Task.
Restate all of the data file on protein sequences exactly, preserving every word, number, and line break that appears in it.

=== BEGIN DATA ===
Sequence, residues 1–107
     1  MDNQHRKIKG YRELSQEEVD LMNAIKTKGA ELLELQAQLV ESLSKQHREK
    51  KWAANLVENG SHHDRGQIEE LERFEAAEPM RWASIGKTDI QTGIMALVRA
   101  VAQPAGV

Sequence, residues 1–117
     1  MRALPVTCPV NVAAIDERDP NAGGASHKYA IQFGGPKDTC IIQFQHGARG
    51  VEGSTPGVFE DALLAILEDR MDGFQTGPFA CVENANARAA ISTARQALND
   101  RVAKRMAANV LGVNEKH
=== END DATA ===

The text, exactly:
Sequence, residues 1–107
     1  MDNQHRKIKG YRELSQEEVD LMNAIKTKGA ELLELQAQLV ESLSKQHREK
    51  KWAANLVENG SHHDRGQIEE LERFEAAEPM RWASIGKTDI QTGIMALVRA
   101  VAQPAGV

Sequence, residues 1–117
     1  MRALPVTCPV NVAAIDERDP NAGGASHKYA IQFGGPKDTC IIQFQHGARG
    51  VEGSTPGVFE DALLAILEDR MDGFQTGPFA CVENANARAA ISTARQALND
   101  RVAKRMAANV LGVNEKH